Definition of Endocardial

1. Adjective. (medicine) In or pertaining to the endocardium ¹

¹ Source: wiktionary.com

Definition of Endocardial

1. [adj]

Medical Definition of Endocardial

1. 1. Pertaining to the endocardium. 2. Seated or generated within the heart; as, endocardial murmurs. Source: Websters Dictionary (01 Mar 1998)

Endocardial Pictures

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Lexicographical Neighbors of Endocardial

endobionts
endobiotic
endoblast
endoblastic
endoblasts
endobronchial
endobronchial tube
endocannabinoid
endocannabinoids
endocannibal
endocannibalism
endocannibalistic
endocannibals
endocardia
endocardiac
endocardial (current term)
endocardial cushion defect
endocardial cushion defects
endocardial cushions
endocardial fibroelastosis
endocardial fibrosis
endocardial murmur
endocardial sclerosis
endocardiography
endocarditic
endocarditides
endocarditis
endocarditis chordalis
endocarditises
endocardium

Literary usage of Endocardial

Below you will find example usage of this term as found in modern and/or classical literature:

1. A Practical Treatise on the Diagnosis, Pathology, and Treatment of Diseases by Austin Flint (1859)
"endocardial OR VALVULAR MURMURS. All adventitious sounds dependent on the movements of the heart, either replacing or superadded to the normal heart-sounds, ..."

2. Diseases of the Heart and Arterial System by Robert Hall Babcock (1903)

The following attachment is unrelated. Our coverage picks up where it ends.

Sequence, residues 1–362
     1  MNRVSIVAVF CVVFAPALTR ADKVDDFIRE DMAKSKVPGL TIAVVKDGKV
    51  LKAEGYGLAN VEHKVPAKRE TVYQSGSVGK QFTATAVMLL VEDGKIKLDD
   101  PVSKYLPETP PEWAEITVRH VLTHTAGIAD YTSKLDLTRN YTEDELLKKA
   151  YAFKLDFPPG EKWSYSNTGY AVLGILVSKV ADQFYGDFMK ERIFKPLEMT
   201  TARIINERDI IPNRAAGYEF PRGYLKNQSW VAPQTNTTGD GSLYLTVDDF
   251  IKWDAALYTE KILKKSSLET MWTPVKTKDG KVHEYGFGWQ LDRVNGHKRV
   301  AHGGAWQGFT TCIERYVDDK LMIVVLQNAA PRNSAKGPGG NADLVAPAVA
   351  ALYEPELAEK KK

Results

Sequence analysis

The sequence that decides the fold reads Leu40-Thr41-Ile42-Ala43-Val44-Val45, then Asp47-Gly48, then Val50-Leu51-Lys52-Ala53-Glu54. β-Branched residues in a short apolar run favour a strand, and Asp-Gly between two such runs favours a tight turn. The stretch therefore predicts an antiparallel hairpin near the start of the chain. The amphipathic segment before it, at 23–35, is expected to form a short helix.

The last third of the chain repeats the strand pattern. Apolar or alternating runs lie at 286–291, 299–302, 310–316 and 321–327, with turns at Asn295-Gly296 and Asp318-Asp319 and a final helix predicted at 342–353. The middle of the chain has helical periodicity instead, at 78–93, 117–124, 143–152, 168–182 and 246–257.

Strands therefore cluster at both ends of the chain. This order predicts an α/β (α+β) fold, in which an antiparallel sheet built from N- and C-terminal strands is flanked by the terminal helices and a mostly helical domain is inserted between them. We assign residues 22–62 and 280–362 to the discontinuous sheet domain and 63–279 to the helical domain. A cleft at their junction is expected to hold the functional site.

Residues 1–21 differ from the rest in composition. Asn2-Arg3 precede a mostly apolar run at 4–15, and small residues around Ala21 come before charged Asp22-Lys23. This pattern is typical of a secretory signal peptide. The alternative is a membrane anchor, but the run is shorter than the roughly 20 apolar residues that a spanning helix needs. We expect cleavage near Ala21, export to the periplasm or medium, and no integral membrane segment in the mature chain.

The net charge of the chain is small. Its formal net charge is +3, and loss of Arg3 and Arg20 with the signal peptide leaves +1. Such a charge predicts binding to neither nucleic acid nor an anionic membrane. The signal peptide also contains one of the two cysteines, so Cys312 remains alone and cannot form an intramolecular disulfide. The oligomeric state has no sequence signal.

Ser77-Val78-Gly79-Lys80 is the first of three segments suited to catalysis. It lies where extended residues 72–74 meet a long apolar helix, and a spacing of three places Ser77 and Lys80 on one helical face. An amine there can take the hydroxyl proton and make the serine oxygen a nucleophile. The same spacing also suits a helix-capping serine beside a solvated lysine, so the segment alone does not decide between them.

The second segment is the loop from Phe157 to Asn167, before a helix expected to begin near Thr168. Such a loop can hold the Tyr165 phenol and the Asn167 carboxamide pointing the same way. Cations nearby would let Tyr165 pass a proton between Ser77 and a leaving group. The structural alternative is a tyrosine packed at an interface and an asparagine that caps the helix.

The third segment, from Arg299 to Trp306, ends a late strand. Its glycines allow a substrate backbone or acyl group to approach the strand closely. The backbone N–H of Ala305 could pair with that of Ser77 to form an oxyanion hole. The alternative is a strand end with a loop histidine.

"The endocardial are subdivided into organic or structural and inorganic or ... endocardial Murmurs of Organic Origin.—These were once thought to be caused ..."

3. Monographic Medicine by William Robie Patten Emerson, Guido Guerrini, William Brown, Wendell Christopher Phillips, John Whitridge Williams, John Appleton Swett, Hans Günther, Mario Mariotti, Hugh Grant Rowell (1916)
"Coronary, Myocardial, endocardial and other Heart Lesions In all cases of arteriosclerosis in which there have been evidences of coronary disease the ..."

4. On rheumatism, rheumatic gout, and sciatica: Their Pathology, Symptoms, and by Henry William Fuller (1864)
"The great excess in the frequency of endocardial affection exhibited in these Tables, arises, I believe, not from the greater frequency of endocarditis, ..."

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